Saturday, January 10, 2015

Leroy Vinnegar - The Walking Bass in Jazz

© -  Steven A. Cerra, copyright protected; all rights reserved.



"I knew right away he had one of the best rhythm feelings of any bass player I have ever heard, and at that time, he didn't even have a good bass. . . I always ask him to play whenever he comes in where I'm working. . . I can't think of anyone who gasses me more as a rhythm player. . . His time really makes you want to get up and dance."
- Bassist Red Mitchell’s impressions of bassist Leroy Vinnegar


In 1957 and again in 1962 and 1963, Lester Koenig, the proprietor of Contemporary Records produced a number of sessions that resulted in two recordings that were issued under the leadership of bassist Leroy Vinnegar: Leroy Walks! [Contemporary S-7542/OJCCD-160-2] and Leroy Walks Again!! [Contemporary S-7608/OJCCD-454-2].


The six-year span of time between these recording sessions approximates the period when a “walking bass” was the epitome of a modern Jazz beat and no one on the West Coast Jazz scene played a walking bass line better than Leory Vinnegar.


The sound of Leroy’s fat-toned, walking bass was captured on dozens of records and was widely imitated by many young bassists. Composer Henry Mancini even entitled one of his themes for the highly popular NBC Peter Gunn television series after it. Walking Bass featuring studio bassist Rolly Bundock was subsequently used as incidental music in many of the TV show’s later episodes.


Laying down a good walking bass was considered de rigeur in order to create the proper “heartbeat of Jazz.” It’s metronomic quality had a driving effect on the rhythm section and they in turn pushed the soloist forward with an unrelenting swing. For the listener, the propulsive walking beat could be almost mesmerizing.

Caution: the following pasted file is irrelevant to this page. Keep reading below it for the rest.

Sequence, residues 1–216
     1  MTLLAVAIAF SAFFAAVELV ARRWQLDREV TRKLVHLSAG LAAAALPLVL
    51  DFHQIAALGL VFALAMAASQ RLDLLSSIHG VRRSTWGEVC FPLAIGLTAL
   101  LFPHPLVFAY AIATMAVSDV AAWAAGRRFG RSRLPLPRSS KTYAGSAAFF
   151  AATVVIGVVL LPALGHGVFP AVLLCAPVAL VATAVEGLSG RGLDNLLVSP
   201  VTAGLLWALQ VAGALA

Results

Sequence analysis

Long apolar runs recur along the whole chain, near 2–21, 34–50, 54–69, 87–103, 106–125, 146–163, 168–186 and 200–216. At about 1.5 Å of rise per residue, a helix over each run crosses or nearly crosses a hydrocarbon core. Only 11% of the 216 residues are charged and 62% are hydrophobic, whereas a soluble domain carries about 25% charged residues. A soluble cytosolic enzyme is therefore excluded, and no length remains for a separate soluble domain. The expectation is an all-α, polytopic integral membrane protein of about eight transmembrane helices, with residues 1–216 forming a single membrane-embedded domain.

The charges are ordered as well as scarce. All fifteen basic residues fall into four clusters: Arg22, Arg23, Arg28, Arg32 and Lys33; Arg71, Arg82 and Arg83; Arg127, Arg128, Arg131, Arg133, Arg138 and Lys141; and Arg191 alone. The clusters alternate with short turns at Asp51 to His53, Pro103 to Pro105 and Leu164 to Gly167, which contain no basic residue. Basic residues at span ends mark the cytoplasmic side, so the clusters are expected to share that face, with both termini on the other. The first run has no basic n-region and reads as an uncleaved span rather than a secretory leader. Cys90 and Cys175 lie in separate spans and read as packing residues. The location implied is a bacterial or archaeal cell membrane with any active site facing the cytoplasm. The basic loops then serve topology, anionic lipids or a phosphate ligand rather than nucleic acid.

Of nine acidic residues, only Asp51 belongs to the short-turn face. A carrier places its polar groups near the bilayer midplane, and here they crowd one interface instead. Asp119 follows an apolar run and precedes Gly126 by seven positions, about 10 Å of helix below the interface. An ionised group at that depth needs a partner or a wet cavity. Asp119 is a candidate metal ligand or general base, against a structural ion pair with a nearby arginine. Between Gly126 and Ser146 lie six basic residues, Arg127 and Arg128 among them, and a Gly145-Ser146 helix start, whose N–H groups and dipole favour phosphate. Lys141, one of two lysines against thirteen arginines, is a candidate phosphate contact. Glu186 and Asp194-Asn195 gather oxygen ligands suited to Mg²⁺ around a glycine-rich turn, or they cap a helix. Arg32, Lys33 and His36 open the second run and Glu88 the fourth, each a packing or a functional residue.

The esteemed Jazz writers Nat Hentoff and Leonard Feather, respectively, offer graphic explanations about the walking bass and Leroy Vinnegar’s association with it in the following excerpt from their insert notes to these, two Contemporary recordings.


Interestingly, Charlie Haden, Scott LaFaro and Gary Peacock, the three bassists who would create the more free-wheeling and interactive style of bass playing that replaced the walking bass line in modern Jazz were all living and working in Hollywood, CA during the height of Leroy’s popularity as a walking bassist!


Leroy Walks! [Contemporary S-7542/OJCCD-160-2]


TO "WALK", IN JAZZ PRACTICE, according to The Encyclopedia of Jazz is to "establish a lively, four-beats-to-the bar rhythm (usually said of bass players: 'walking rhythm')."


Walking, besides, generally connotes the bassist's ability to make these four-beats-to-the-bar melodically meaningful in terms of the line he constructs underneath the soloist. A superior walker must possess not only unstumbling time but also the quality of ear that enables him to move from chord to chord with logic and functional taste. In short, walking isn't as easy or impersonal as it sounds;.... And among his contemporaries, it is generally agreed that Leroy Vinnegar is one of this generation's masters of that basic, peripatetic art.


Technical prowess alone is not sufficient guarantee of producing good walking. As in all of jazz, the emotional capacity of the bassists to "feel" the requirements of each specific situation — what the soloists and the performance as a whole need to lift them beyond just the playing of the notes into optimum personal and collective expression — is required. Vinnegar, because of his ability to project emotional power with insight has become a particularly valued member of any unit he joins. He provides, in a sense, a continually open reservoir of strength on which the soloist can "feed", in more than just the harmonic and rhythmic senses of that term. When musicians have to cut down on instrumentation — for economic or other reasons — the bass almost invariably is the last instrument saved (a fact too many club owners are unaware of).